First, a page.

1. Overview

The relational data model is very flexible, and it’s still at the heart of many data-driven services out there. As developers of these services, we know structural differences make mapping between object and relational models difficult, tedious, and usually error-prone. In other words, we face every day the Object-relational impedance mismatch.

Luckily, Kotlin language features enable a new generation of ORM tools, targeting seamless integration with our code base, and an overall more frictionless programming experience.

In this tutorial, we’ll learn about Ktorm, a lightweight and easy-to-use ORM tool for Kotlin.

2. Basic Setup

Let’s prepare our environment with minimal Maven dependencies for driving our Ktorm examples:

<dependency>
    <groupId>org.ktorm</groupId>
    <artifactId>ktorm-core</artifactId>
    <version>3.6.0</version>
</dependency>
<dependency>
    <groupId>org.ktorm</groupId>
    <artifactId>ktorm-support-mysql</artifactId>
    <version>3.6.0</version>
</dependency>
<dependency>
    <groupId>mysql</groupId>
    <artifactId>mysql-connector-java</artifactId>
    <version>8.0.33</version>
</dependency>

The latest version of Ktorm can be found on Maven Central. We also need to include the MySQL JDBC driver as a dependency, since we’ll later show how Ktorm can support SQL variants using this specific database.

3. Core Abstractions

Over the years, ORM tools and libraries have attempted to mitigate the mismatch between the object and the relational data models. However, some of these tools were more invasive than others.

JPA covered most relational mapping needs, at the price of an annotation process that some may find tedious. MyBatis enabled dynamic SQL generation through configuration, but at the price of type safety.

Ktorm doesn’t force mapping relational data to specific domain objects. It’s entirely possible to work at a lower abstraction layer, the SQL DSL, which provides a type safe approach to dynamic SQL statements generation, both for querying and manipulation.

When we need to work with domain entities, we’ll be using Ktorm’s Entity API, which is built on top of the foundational SQL DSL. This implies we won’t need to annotate our entity classes, for we’ll define our mappings within our table schema definitions.

We’ll see common Ktorm’s usage patterns using both strategies.

4. Domain Model

We’ll use a simple MySQL relational model as a reference for our discussion:

create table items(
    id int not null primary key auto_increment,
    description varchar(255) not null
);

create table customers(
    id int not null primary key auto_increment,
    email varchar(255) not null,
    UNIQUE KEY(email)
);

create table orders(
    id int not null primary key auto_increment,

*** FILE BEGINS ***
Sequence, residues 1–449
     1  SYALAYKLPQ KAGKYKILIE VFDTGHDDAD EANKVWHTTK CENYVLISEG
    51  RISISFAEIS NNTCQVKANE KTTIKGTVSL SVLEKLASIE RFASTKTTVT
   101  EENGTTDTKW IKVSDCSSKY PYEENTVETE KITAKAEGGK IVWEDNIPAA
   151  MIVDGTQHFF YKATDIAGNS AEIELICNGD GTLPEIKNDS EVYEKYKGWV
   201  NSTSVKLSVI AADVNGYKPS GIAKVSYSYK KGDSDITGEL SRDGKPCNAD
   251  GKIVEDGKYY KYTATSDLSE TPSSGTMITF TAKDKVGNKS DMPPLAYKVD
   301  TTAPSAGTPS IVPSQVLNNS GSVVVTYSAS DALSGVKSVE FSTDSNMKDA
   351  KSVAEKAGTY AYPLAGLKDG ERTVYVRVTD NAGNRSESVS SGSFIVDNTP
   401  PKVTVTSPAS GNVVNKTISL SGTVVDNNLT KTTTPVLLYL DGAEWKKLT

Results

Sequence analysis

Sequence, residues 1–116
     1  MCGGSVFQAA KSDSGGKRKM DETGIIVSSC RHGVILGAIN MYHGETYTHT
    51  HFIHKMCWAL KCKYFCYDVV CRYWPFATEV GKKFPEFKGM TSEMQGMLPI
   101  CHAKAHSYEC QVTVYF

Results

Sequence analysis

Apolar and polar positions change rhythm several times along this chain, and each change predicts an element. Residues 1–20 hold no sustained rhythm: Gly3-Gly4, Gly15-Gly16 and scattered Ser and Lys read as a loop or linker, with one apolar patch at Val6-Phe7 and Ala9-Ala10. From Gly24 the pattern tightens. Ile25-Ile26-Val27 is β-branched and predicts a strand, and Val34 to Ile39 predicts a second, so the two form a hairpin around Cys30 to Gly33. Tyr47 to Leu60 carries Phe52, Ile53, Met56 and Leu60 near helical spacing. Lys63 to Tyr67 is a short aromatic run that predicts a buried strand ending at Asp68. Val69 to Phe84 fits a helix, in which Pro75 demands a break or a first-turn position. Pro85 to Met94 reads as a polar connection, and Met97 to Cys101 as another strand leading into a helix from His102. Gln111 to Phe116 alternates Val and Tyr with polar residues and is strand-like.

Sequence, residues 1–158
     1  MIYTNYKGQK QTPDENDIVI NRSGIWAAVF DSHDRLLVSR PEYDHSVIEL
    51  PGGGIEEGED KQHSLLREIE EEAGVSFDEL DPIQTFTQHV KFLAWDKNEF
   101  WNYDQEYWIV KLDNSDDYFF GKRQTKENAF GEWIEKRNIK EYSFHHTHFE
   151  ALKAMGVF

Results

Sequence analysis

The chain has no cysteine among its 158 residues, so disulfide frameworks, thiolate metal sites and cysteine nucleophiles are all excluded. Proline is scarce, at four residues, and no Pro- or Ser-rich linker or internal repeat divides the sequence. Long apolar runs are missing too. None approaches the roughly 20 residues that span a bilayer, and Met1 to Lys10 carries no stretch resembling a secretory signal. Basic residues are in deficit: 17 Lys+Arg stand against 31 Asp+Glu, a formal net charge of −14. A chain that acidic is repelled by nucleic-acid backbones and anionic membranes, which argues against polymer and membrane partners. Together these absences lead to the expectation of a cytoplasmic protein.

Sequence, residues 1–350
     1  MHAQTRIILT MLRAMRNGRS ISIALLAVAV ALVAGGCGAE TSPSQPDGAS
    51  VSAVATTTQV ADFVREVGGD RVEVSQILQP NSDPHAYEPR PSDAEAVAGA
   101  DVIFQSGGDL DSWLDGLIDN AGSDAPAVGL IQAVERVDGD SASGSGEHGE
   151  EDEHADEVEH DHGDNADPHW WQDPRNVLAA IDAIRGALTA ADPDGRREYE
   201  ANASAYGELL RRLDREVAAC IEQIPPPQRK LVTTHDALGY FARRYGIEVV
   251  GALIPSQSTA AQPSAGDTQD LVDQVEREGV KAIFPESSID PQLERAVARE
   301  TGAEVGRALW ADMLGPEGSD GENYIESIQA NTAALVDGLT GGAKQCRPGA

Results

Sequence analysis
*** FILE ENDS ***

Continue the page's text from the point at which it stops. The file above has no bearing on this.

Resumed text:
item_id int not null,
    customer_id int not null,
    free_text_card varchar(255) null,
    amount decimal(10,2),
    last_update timestamp(3)
);

We can use Docker to quickly provision a MySQL environment hosting this simple database.

5. Table Schema Definition

Static SQL statements are immutable assets. They model predefined queries, and their structure doesn’t change with the state of our programs. However, most use cases are based on the runtime specification of query criteria, and thus on the dynamic creation of SQL statements.

Ktorm provides a type safe, domain specific language for the creation of dynamic SQL statements. Finally. we’ll be modelling SQL statements within the Kotlin language itself, but we need first to provide Ktorm with the table schemas of our relational model.

We’ll use Ktorm’s Table to translate our relational model to Kotlin code:

class ItemsTable: Table<Nothing>("items") {
    val id = int("id").primaryKey()

    val description = varchar("description")
}

class CustomersTable: Table<Nothing>("customers") {
    val id = int("id").primaryKey()

    val email = varchar("email")
}

class OrdersTable: Table<Nothing>("orders") {
    val id = int("id").primaryKey()

    val itemId = int("item_id")

    val customerId = int("customer_id")

    val card = base64("free_text_card", Charsets.UTF_8)

    val amount = decimal("amount")

    val timestamp = timestamp("last_update")
}

By extending Table, we’re translating the relational model to Kotlin code. In the process, wer’e providing references to those Column instances we’ll need later for query modelling.

Table comes with a generic type parameter. We can safely use Nothing here, for in this context we aren’t binding columns to entity properties, and we are simply describing the structure of our relational model.

Ktorm’s Column types are a superset of JDBC types. We can see how ItemsTable, CustomersTable and OrdersTable use common int, varchar and decimal column types. However, Ktorm also allows for the definition of custom SQL types.

5.1. Implementing Custom SQL Types

Our OrdersTable uses a base64 data type, which isn’t a native MySQL data type, nor a supported JDBC type. Indeed, we defined base64 as a custom Ktorm’s SqlType:

class Base64String(private val charset: Charset): SqlType<String>(Types.VARCHAR, "base64") {

    override fun doGetResult(rs: ResultSet, index: Int): String? {
        val retrievedData = rs.getString(index)

        return when {
            retrievedData.isNullOrBlank() -> null
            else -> Base64.getDecoder().decode(retrievedData).toString(charset)
        }
    }

    override fun doSetParameter(ps: PreparedStatement, index: Int, parameter: String) {
        ps.setString(index, Base64.getEncoder().encodeToString(parameter.toByteArray(charset)))
    }
}

A Ktorm’s custom SqlType implements a transformation between a Kotlin type T and a standard JDBC type.

We can see Base64String first extends SqlType, and provides the corresponding JDBC type and custom type name. Then, within doSetParameter(), we bind the Kotlin T type serialization to the prepared statement used for persisting data. Here, we’re simply serializing parameter to its Base64 encoding.

Within doGetResults(), we go the other way around, and we decode the persisted base64 string before returning the result.

Finally, we register our custom type definition against Ktorm’s BaseTable to make it available for schema modelling:

fun BaseTable<*>.base64(name: String, charset: Charset) = registerColumn(name, Base64String(charset))